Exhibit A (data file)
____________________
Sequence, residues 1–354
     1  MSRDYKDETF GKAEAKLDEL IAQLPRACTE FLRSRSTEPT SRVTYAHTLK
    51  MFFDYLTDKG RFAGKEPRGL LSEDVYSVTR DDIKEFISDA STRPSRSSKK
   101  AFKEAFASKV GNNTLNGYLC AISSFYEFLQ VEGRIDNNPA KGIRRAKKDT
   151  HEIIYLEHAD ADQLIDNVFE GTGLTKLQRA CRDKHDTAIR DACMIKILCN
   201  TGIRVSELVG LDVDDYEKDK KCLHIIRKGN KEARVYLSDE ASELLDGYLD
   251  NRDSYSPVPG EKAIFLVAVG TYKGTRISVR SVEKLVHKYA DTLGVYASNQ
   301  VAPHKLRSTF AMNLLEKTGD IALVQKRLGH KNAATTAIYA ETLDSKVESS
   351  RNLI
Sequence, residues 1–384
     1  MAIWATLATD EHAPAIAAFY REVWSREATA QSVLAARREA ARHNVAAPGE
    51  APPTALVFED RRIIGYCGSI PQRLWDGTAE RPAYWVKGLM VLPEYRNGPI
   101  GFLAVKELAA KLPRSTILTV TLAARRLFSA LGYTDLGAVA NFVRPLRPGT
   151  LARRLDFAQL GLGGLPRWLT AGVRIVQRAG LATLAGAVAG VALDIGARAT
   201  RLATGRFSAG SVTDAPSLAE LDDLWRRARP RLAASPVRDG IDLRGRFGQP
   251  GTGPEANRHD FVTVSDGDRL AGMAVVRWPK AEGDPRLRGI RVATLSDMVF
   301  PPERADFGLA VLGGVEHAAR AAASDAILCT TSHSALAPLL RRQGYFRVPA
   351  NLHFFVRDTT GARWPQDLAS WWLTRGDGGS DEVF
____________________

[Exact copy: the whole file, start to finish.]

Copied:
Sequence, residues 1–354
     1  MSRDYKDETF GKAEAKLDEL IAQLPRACTE FLRSRSTEPT SRVTYAHTLK
    51  MFFDYLTDKG RFAGKEPRGL LSEDVYSVTR DDIKEFISDA STRPSRSSKK
   101  AFKEAFASKV GNNTLNGYLC AISSFYEFLQ VEGRIDNNPA KGIRRAKKDT
   151  HEIIYLEHAD ADQLIDNVFE GTGLTKLQRA CRDKHDTAIR DACMIKILCN
   201  TGIRVSELVG LDVDDYEKDK KCLHIIRKGN KEARVYLSDE ASELLDGYLD
   251  NRDSYSPVPG EKAIFLVAVG TYKGTRISVR SVEKLVHKYA DTLGVYASNQ
   301  VAPHKLRSTF AMNLLEKTGD IALVQKRLGH KNAATTAIYA ETLDSKVESS
   351  RNLI
Sequence, residues 1–384
     1  MAIWATLATD EHAPAIAAFY REVWSREATA QSVLAARREA ARHNVAAPGE
    51  APPTALVFED RRIIGYCGSI PQRLWDGTAE RPAYWVKGLM VLPEYRNGPI
   101  GFLAVKELAA KLPRSTILTV TLAARRLFSA LGYTDLGAVA NFVRPLRPGT
   151  LARRLDFAQL GLGGLPRWLT AGVRIVQRAG LATLAGAVAG VALDIGARAT
   201  RLATGRFSAG SVTDAPSLAE LDDLWRRARP RLAASPVRDG IDLRGRFGQP
   251  GTGPEANRHD FVTVSDGDRL AGMAVVRWPK AEGDPRLRGI RVATLSDMVF
   301  PPERADFGLA VLGGVEHAAR AAASDAILCT TSHSALAPLL RRQGYFRVPA
   351  NLHFFVRDTT GARWPQDLAS WWLTRGDGGS DEVF